issue 177 - November 1987
If you are foreign, preferably fascist,
and have a piggy bank, huge tracts of Paraguay
can be yours dirt cheap - thanks to its dictator
General Stroessner. James Painter delves into the
murky world of dealing, dictating and
keeping the local poor landless.
The first time I visited the small landlocked country of Paraguay, most Paraguayans were amazed I should even come to their country. 'No outsider takes any interest in Paraguay,' they would explain, 'except when the latest hunt is on for some well-known Nazi like the Angel of Death, Joseph Mengele'. Unfortunately, they were wrong. There's plenty of foreign interest - not from the world's media, but from a bewildering array of nationalities that reads like a qualifying group for the final stages of the World Cup. They are all interested in one Paraguayan commodity which is in plentiful supply: land.
West German colonists and companies have bought up large tracts of it, on one occasion in a chunk the size of Greater London. US multinationals like Gulf & Western and Florida Peach Company own huge soya-growing estates. From over the Brazilian border have come timber companies and 300,000 small-scale farmers to join others from Japan, Taiwan, Italy, Chile and Argentina. And, inevitably, a subsidiary of Unilever, Paraguayan Agricultural Holdings Ltd, is also present with its thousands of head of cattle.
Ever since General Alfredo Stroessner took over in a military coup in 1954, the last of the great Latin American patriarchs has adopted an 'open door' policy of encouraging foreigners to invest or settle in what he calls his 'haven of peace and security'. Stroessner's unashamed anti-communism and emotional identification with Nazism has brought into Paraguay a number of extreme right-wing exiles - the latest being Jorge Vago, an Argentine journalist and one of the plotters in a 1985 coup attempt by the ultra-right against President Alfonsin.
The other side of the same coin is a steady influx of foreign investors and immigrants, attracted by Paraguay's huge areas of fertile land and almost total absence of taxes. Major right-wing West German newspapers like Die Welt or Frankfurter Allgemeine Zeitung carry weekly adverts recommending investing in Paraguayan land for 'your peace of mind and security' or 'to secure a second home'. Ten hectares of land are advertised to be as cheap as $1,600.
As one small investment company based on the south coast of England summed up in its publicity blurb: 'Until recently, one had to be reasonably wealthy to plan a life abroad. Now, however, anybody with £5,000 ($8,000) to invest is able to go to a beautiful climate, buy a huge plot of land, build a large house on it and become totally self-supporting with the minimum restrictions. In Paraguay, red tape and taxes are almost non-existent'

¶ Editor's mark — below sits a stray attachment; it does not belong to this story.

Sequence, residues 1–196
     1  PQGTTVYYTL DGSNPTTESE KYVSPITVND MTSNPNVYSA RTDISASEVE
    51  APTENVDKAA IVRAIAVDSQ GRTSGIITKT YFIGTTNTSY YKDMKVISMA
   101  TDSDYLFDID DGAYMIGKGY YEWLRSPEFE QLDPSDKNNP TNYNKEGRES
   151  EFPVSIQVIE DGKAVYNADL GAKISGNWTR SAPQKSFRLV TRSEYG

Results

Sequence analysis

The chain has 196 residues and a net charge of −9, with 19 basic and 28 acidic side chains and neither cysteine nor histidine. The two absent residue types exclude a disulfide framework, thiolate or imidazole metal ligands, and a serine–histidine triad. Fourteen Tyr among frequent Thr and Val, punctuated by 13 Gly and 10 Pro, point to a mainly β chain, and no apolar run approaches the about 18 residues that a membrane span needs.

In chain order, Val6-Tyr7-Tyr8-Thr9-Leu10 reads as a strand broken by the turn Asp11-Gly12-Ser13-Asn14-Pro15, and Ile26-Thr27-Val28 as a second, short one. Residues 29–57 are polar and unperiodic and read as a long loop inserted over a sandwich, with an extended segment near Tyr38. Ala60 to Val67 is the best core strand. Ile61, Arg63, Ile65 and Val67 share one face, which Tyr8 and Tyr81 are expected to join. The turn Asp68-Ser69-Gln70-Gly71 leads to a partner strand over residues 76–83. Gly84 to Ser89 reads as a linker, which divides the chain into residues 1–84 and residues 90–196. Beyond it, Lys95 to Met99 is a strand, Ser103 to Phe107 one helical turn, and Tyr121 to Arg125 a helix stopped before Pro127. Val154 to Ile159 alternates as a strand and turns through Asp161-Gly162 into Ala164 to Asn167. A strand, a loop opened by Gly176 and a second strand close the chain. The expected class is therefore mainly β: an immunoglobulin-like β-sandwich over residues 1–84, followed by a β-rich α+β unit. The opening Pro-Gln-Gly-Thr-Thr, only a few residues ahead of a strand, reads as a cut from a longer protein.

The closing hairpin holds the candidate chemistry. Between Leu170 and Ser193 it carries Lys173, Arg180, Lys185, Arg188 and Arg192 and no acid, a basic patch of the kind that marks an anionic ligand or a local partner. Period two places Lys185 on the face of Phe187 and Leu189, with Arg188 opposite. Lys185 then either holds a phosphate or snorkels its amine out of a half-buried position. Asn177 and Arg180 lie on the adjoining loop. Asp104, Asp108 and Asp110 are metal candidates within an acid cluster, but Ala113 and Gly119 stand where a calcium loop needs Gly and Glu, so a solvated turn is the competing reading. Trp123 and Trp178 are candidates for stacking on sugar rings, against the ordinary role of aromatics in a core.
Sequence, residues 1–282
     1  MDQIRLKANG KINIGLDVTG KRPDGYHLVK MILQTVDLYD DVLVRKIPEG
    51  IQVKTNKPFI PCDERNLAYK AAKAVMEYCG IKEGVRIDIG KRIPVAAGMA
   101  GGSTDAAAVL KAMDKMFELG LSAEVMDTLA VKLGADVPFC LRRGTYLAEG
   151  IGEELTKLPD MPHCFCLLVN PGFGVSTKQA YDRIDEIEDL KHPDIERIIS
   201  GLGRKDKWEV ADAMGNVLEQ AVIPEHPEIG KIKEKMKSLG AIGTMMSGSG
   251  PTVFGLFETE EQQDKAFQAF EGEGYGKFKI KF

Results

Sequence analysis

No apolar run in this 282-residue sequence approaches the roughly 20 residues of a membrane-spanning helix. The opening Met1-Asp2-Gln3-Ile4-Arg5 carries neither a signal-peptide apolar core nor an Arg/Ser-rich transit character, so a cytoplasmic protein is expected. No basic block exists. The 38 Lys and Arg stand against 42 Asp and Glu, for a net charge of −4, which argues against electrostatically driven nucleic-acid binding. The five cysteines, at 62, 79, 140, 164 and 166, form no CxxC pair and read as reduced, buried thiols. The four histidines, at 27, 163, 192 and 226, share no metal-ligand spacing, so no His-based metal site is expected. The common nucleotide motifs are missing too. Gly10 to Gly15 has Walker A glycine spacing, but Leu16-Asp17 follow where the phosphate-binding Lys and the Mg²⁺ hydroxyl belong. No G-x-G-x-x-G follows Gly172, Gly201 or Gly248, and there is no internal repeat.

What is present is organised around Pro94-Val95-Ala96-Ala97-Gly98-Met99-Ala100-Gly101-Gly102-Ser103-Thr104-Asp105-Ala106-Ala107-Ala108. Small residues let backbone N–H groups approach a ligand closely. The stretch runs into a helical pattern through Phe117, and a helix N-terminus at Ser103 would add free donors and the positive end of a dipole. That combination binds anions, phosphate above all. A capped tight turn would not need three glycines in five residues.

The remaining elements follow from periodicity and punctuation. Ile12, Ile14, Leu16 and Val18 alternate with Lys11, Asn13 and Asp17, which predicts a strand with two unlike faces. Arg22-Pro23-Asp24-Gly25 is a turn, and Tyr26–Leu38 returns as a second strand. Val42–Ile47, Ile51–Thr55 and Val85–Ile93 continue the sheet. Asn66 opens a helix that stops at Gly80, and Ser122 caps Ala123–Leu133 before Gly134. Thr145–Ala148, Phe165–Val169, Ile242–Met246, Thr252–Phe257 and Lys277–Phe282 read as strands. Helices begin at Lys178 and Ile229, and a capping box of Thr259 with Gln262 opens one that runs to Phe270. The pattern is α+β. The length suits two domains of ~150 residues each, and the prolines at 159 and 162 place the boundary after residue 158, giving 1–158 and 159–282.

Of course, there's never any mention in the ads of the thousands of Paraguayan peasants without any land - 300,000 according to the last count in 1981, and another 40,000 with less than 10 hectares. Most of them cannot afford to buy any land. Since the census, the number of landless families has rocketed, especially in the semi-tropical former jungle areas of Eastern Paraguay.
Land prices started to rise during the 1970s and when a multinational mixture of speculators moved in to make their killing they shot up. Wealthy Paraguayans joined in too as Stroessner handed out large parcels of land to his generals and civilian supporters to ensure their loyalty to 'El Generalissimo'. A prime hectare of land in Alto Paraná rose in price more than 100-fold from 3,000 guaranis in 1973 (about $24) to 500,000 guaranis ($600 at the current exchange rate) in the mid-1980s. With the majority of Paraguayans in the eastern regions earning less than $300 a year there was little chance of them joining in the spending spree.
Massive road-building projects which accompanied the construction of the Itaipú dam - the world's largest - and a boom in new agricultural products such as soya also helped make Paraguayan land more desirable.
The 1981 agrarian census revealed the full extent of the problem: only three per cent of all available land in Paraguay is actually used, when the potential available could be as high as 20 per cent. Moreover, some 80 per cent of the country is owned by one per cent of landowners - the worst land distribution in Latin America - many of them foreigners who bought land not to work but as a financial investment.
The size of some of these estates is staggering, even by Latin American standards. One Anglo-Argentine company, Carlos Casado, still owns 1.5 million hectares, equivalent to the size of Northern Ireland. The Queen of England, who with her 135,000 hectares is one of the largest landowners in Britain, would be small fry in Paraguay.
There is no reason why there should be land hunger in Paraguay. Despite a high population growth rate, Paraguay is underpopulated. Only 3.5 million people live in an area more than three times the size of England. This has enabled General Stroessner to distribute up to one million hectares in settlement colonies in uncleared jungle, in order to stave off a peasant rebellion.